Ad Astra

Director: James Gray.
Screenplay: James Gray, Ethan Gross.
Starring: Brad Pitt, Tommy Lee Jones, Liv Tyler, Donald Sutherland, Ruth Negga, John Ortiz, Loren Dean, Kimberley Elise, Donnie Keshawarz, Sean Blakemore, Bobby Nish, LisaGay Hamilton, John Finn.

“So many times in my life I screwed up; I’ve talked when I should’ve listened, I’ve been harsh when I should’ve been tender”

Over recent years we’ve actually been quite spoiled in the sci-if genre with the amount of space travel films utilising the current high standard of special effects to realise their vision. Alfonso Cauron’s Gravity was a bit of a game changer but it’s been followed up with Christopher Nolan’s Interstellar and most recently Damien Chazelle’s First Man in terms our protagonists exploring just as much about themselves as they are the cosmos. Now, it’s the turn of James Gray with Ad Astra and as much as you’d expect that this space/self exploration angle might be getting a bit tired, Gray proves that there’s still mileage left in our fascination with ourselves and our place within the solar system.

Plot: In the near future, electrical surges from space begin to hit the unprotected earth and threaten civilisation. U.S. Space Command suspect it may be the result of a previous project led by Clifford McBride (Tommy Lee Jones). However, this renowned astronaut disappeared when on a mission to find artificial intelligence. He was presumed dead but now there could be a possibility that he’s still be out there somewhere in the emptiness of space. His son, Major Roy McBride (Brad Pitt) has lived in the shadow of his heroic father but now must travel the solar system to seek the answers to his previous work, the origin of the surge and whether or not his father still exists.

Ad Astra sets its tone from the offset and makes no bones about being a methodical and deliberately paced film. It begins somberly and Pitt depicts his character with a quiet confidence. So composed is his Roy McBride that his heart rate never goes above 80 bpm regardless of the circumstances. This is then proven in an excellent action sequence that sees him plummet to earth from an exploding space station without hardly breaking a sweat. A glacial pace is certainly the film’s intentions but this early moment also showcases its ability for some exciting action set-pieces and, if patience is afforded, these continue throughout the film. One, in particular, that really stands out is a moon buggy chase scene that doesn’t forget the laws of gravity; with unknown hostile pirates in pursuit, the pace of the scene is dramatically reduced but it’s all the more gripping for it. It’s moments like this that are peppered throughout the film and bring a welcome change of tension amongst the philosophical pondering.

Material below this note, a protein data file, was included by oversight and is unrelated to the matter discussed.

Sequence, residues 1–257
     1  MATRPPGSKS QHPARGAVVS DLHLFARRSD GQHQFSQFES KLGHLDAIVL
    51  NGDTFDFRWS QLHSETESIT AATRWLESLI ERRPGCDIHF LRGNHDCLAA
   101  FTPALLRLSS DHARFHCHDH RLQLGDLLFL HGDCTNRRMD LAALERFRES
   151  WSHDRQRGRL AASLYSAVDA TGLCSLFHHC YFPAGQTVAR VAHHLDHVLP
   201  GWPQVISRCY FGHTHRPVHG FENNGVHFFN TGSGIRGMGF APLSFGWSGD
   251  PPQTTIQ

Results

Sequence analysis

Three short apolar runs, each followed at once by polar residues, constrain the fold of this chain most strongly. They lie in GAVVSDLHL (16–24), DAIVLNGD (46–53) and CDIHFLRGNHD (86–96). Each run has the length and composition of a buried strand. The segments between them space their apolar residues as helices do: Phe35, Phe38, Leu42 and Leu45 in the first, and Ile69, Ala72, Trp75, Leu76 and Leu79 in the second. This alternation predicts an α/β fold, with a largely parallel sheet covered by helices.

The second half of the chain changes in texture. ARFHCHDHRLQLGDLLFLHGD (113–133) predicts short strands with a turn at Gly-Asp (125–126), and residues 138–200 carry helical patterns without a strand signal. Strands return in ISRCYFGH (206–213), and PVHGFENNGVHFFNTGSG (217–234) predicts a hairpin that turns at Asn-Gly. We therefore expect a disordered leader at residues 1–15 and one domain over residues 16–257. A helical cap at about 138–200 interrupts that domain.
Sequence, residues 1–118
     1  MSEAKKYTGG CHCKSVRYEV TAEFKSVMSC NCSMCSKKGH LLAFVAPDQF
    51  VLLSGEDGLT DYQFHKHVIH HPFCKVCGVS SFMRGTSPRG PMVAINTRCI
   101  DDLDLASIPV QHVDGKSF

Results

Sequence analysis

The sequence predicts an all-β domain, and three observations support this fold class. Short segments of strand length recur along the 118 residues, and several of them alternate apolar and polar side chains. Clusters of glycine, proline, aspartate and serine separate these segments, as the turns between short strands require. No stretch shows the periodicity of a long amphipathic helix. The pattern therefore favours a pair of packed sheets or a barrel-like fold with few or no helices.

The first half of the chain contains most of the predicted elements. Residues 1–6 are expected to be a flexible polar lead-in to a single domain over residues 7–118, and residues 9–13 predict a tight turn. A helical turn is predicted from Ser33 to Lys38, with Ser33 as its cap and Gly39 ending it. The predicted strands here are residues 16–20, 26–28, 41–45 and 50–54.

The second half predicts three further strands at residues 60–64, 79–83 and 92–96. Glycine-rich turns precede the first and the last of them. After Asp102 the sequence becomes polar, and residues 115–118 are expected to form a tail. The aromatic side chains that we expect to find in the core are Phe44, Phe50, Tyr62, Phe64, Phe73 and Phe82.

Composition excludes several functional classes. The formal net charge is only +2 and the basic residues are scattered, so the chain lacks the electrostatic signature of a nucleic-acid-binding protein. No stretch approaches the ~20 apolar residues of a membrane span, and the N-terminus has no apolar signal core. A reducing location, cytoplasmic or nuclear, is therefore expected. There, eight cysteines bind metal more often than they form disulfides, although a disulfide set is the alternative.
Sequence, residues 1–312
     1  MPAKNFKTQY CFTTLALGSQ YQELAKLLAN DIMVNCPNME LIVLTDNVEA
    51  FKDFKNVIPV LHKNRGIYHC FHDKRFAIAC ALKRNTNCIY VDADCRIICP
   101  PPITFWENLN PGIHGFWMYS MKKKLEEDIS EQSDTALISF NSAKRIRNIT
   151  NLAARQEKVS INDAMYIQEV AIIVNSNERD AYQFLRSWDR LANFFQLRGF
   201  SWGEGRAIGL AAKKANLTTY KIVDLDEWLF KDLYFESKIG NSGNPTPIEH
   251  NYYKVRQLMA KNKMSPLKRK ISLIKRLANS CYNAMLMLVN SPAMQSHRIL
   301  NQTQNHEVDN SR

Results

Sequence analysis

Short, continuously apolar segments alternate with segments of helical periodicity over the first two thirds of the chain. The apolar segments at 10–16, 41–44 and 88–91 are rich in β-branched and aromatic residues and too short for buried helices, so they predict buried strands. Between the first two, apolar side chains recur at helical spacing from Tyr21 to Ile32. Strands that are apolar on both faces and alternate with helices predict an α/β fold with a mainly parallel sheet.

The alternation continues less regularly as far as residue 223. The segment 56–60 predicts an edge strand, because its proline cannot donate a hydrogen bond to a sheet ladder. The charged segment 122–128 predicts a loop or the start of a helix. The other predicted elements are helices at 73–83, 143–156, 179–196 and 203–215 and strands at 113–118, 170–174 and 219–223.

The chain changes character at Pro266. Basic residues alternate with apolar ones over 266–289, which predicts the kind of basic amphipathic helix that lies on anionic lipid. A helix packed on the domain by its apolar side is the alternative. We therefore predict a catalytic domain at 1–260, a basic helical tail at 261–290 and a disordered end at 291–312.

It’s a beautifully crafted film and Hoyte Van Hoytema’s cinematography is nothing less than stunning. His use of light conjures some striking imagery and his eye for a shot adds to the awe and wonder of McBride’s expansive surroundings. The lavish set designs also bring reminders of Stanley Kubrick’s sci-fi classic, 2001: A Space Odyssey, but it’s the mission with which McBride has been assigned that’s reminiscent of Capt. Willard’s hunt for the rogue Col. Kurtz in Francis Ford Coppola’s Apocalypse Now and it even has Pitt with a similar reflective voiceover. And, like that film, it’s as much about the journey of self-discovery as it is about the actual journey itself.

Many won’t respond favourably to its languid pace but it fitting for mood and atmosphere and capturing the ethereal vibe and added secrecy and intrigue at the heart of the story. This is also complimented by a reserved performance from Pitt. With already strong work in Quentin Tarantino’s Once Upon A Time In Hollywood, it’s been a good year for him. He’s excellent here as a man who begins his journey as a stoic force of calmness only to unravel into an emotionally tormented wreck. It was in this regard that I found the film to share many similarities with Steven Soderbergh’s remake of Solaris (I’ve yet to see the original) in the mental fragility of our protagonist and it’s sense for otherworldly dangers or influences. It also captures that film’s sense of loneliness and isolation which is beautifully evoked by Max Richter’s haunting score.

Verdict: A very meditative and existential space drama that operates with such visual brilliance that – as its title suggests – you expect it to head “to the stars”. And it does. However, what’s most effective is the direction it takes in exploring the human drama at its core. The conundrum surrounding our knowledge of our place in the solar system is just as confounding as understanding ourselves sometimes and it’s in this exploration that both Gray and Pitt succeed in immersing us.

Mark Walker

Trivia: Director James Gray admitted to Empire magazine that he had to compromise with the studio on the ending of the movie to get the film green-lit and even with a major star/producer like Brad Pitt on board they still struggled for years to get it made.

11 Responses to “Ad Astra”

  1. I think this could have been brilliant but it fell flat for me. Others liked it much more than I.

    Liked by 1 person

  2. So glad to see you liked it. You could say I gave it pretty high marks. I’ve seen it twice but I’m really anxious to watch it a third time.

    Liked by 1 person

  3. Muckers! I’m going to watch this when I can rent it – looking forward to it!

    Boat Drinks!

    Liked by 1 person

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